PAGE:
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SLAS2018 Short Courses

Establishing Cell-Based Assays for Screening

This course will describe developing standard procedures for handling cultured cells to set up cell-based assays including cell line authentication as a component of assay reproducibility, techniques for measuring cell health and the pathways leading to cytotoxicity, validation of in vitro assays applied to 3D model systems, developing siRNA screening assays, using CRISPR technology as a validation step, and an overview of various GPCR screening methods.

Who Should Attend:

  • Assay development scientists interested in establishing and troubleshooting cell-based assays
  • Scientists seeking an overview of methods to confirm health and functionality of cells used in combination with other screening assays
  • Screeners interested in design and implementation of siRNA assays to identify novel targets
  • Screeners interested in an overview of state of the art methods for screening GPCR targets

Those interested in the following tracks:

How You Will Benefit From This Course:

  • Participants will receive an overview of potential pitfalls to consider during design of cell-based assays.
  • The advantages and disadvantages of HTS-compatible assays for measuring cell viability & apoptosis will be presented along with descriptions of multiplexing assays for measuring cell stress pathways.
  • Factors to consider when selecting off-the-shelf in vitro assays applied to 3D culture models.
  • Participants will receive copies of presentations and benefit from the opportunity to interact with experts in designing and implementing siRNA and GPCR screening assays.

Course Topics:

  • Cell culture techniques specific to characterizing high throughput screening assays
  • Overview of various cytotoxicity assays, methods for multiplexing as an internal control, and measuring cell stress responses with biochemical and genetic reporter assays
  • Description of techniques for design and implementation of siRNA screening assays
  • Overview of creating, miniaturizing, and detection methods used for GPCR assays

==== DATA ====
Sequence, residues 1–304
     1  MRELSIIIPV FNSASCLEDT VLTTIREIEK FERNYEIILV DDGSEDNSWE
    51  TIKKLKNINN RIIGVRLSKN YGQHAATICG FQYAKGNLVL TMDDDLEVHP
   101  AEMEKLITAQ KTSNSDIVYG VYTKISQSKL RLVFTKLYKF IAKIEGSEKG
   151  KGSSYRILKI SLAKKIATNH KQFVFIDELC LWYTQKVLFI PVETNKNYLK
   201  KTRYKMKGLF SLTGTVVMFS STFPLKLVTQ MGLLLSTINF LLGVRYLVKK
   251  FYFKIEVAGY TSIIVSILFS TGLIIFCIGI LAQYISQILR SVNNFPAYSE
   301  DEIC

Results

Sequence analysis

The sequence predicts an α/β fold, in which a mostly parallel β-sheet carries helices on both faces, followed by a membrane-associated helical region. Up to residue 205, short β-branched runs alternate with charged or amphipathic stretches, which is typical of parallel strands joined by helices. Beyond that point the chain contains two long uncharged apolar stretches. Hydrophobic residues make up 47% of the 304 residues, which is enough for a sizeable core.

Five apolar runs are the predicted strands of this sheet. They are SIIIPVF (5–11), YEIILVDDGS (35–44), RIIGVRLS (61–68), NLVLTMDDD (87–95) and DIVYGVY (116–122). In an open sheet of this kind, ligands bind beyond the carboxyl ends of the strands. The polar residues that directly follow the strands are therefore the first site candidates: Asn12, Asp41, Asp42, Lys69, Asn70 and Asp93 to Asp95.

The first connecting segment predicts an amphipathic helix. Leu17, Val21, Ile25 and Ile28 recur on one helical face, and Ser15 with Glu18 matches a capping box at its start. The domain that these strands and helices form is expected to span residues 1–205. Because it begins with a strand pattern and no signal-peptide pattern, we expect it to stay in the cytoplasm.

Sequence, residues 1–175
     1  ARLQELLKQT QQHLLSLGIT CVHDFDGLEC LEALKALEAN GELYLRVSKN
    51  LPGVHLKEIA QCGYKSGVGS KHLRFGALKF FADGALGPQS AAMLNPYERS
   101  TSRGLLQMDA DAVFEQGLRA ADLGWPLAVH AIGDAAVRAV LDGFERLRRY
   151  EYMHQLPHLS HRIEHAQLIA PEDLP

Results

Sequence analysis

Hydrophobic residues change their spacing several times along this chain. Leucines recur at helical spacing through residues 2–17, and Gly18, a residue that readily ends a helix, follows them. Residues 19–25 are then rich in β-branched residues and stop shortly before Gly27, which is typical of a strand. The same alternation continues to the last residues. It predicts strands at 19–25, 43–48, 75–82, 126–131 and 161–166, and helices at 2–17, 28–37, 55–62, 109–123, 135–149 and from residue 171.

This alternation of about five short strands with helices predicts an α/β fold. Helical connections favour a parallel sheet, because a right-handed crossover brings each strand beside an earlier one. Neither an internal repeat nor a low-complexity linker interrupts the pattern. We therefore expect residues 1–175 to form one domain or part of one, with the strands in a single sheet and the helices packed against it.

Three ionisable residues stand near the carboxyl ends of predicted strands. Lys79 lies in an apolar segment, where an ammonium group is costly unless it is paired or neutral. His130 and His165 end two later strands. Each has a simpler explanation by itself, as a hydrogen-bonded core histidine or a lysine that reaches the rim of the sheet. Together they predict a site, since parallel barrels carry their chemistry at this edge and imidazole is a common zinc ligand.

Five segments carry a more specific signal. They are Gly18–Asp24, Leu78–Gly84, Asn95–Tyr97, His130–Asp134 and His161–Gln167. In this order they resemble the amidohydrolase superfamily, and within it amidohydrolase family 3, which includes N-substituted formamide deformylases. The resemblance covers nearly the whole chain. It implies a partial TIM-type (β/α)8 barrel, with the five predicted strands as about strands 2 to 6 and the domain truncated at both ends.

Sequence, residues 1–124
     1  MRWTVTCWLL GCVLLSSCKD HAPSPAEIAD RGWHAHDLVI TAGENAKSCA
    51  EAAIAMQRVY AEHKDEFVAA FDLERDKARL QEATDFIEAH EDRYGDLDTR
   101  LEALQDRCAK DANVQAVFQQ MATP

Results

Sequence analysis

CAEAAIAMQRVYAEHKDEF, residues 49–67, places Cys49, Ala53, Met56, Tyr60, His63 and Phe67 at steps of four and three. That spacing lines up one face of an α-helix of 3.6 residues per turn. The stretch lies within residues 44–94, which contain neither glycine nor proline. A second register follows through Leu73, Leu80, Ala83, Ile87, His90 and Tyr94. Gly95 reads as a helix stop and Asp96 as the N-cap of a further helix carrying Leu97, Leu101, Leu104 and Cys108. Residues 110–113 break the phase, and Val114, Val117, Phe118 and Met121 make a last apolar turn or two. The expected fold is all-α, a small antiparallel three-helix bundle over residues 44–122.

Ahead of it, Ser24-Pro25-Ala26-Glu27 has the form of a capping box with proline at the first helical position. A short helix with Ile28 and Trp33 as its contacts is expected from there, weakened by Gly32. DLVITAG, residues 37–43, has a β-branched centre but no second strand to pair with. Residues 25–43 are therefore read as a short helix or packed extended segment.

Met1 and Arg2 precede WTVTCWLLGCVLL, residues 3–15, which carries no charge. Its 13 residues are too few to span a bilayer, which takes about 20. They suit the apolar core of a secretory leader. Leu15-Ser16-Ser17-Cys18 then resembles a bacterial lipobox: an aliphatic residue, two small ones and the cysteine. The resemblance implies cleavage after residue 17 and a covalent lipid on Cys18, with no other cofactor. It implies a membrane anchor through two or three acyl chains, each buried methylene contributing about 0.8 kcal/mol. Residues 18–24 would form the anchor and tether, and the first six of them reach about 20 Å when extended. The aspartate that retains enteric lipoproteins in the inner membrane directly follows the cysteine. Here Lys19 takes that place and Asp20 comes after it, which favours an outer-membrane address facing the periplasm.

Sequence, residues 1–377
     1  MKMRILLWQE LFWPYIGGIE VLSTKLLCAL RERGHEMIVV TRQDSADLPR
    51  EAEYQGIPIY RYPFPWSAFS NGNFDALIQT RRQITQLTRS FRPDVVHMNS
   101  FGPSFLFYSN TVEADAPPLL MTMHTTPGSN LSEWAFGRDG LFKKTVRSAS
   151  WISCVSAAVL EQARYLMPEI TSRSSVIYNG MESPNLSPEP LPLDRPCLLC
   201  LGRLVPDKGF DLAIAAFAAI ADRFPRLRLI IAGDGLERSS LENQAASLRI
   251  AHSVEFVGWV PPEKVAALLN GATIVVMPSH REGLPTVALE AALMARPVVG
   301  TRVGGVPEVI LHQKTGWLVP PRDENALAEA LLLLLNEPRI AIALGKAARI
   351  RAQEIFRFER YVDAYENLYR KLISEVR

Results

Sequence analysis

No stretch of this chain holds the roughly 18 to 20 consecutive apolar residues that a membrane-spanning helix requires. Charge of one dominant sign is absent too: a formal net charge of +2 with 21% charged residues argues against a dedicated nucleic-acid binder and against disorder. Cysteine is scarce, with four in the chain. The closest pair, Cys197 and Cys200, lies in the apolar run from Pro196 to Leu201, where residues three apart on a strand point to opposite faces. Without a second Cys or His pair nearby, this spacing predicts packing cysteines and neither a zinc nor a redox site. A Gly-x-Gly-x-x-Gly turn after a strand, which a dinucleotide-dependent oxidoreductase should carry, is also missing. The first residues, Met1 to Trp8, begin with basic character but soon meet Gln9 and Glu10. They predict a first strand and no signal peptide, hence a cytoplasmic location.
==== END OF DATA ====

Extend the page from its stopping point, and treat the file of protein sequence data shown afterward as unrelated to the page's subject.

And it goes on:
Terry Riss

Terry Riss
Promega Corporation (Lead Instructor)

Dr. Terry Riss started the Cell Biology program at Promega in 1990 and held several R&D and Project Management positions since. Dr. Riss managed development of cell viability, cytotoxicity, apoptosis, and protease assay systems and also lead efforts to identify and promote multiplexing of cell-based assays to determine the mechanism of cell death. Dr. Riss now serves as Global Strategic Manager, Cell Health involved in outreach educational training activities. Dr. Riss has participated in several NIH study sections reviewing HTS grants and is co-editor of the In Vitro Cell Based Assays section of the Assay Guidance Manual hosted by NIH.

Lisa Minor

Lisa Minor
In Vitro Strategies, LLC

Lisa Minor is President of In Vitro Strategies, LLC, a consulting firm involved in assay development and screening strategy, technology evaluation and development, and product marketability assessment. Prior to this position, she was a long term employee of J&J. She is experienced in drug discovery including target validation, assay development, high throughput and safety profiling. At J&J, she participated in several technology development and evaluation opportunities resulting in marketed products. Among these are the Seahorse Metabolic profiling instrument, Quantigene mRNA detection and collaborated with MDS Sciex and Corning to validate their cell-based label-free impedance systems for GPCRs. She is a past member of the board for the Society for Biomolecular Sciences (SBS now SLAS), a past member of the Board of Scientific Counsellors for the National Toxicology Program, and a Scientific Advisor for many meetings. She is well recognized in the field of HTS especially for cell-based assays and has published the book Handbook of Assay Development for Drug Discovery.

Geoffrey Bartholomeusz

Geoffrey Bartholomeusz
UT MD Anderson Cancer Center

Dr. Geoffrey Bartholomeusz (Ph.D.) is an associate professor and Director of the Target Identification and Validation Program at the UT M.D.Anderson cancer center, Houston Texas. Dr. Bartholomeusz research is focused on developing preclinical in-vitro 3D models for target identification and validation. These models include multicellular tumor spheroid models, 3D co-culture models and PDX tumor-derived ex-vivo tumor tissue models. These 3D models systems are used as platforms for high throughput siRNA and small molecular screens with a goal to improve our ability to identify novel targets for the development of effective therapies for cancer. CRISPR technology is applied as a validation step to confirm the role of the identified target in either cancer biology or as a potential target for drug development. Dr. Bartholomeusz is well published in the field of cancer biology and treatment.

Eric N. Johnson

Eric N. Johnson
WuXi AppTec

Eric Johnson has extensive experience in the fields of assay development and high-throughput screening. Having worked at GlaxoSmithKline, Merck, and currently WuXi AppTec, he has utilized a wide array of technologies to enable compound profiling and high throughput screening in 384-, 1536-, and 3456-well plate formats. Dr. Johnson acts as the lead biologist on a number of different projects advising both external clients and internal staff as to design and execution of projects. Dr. Johnson has co-authored more than 20 publications in peer-reviewed journals and book chapters and has taught courses and tutorials in the use of diverse technologies to study biological systems.

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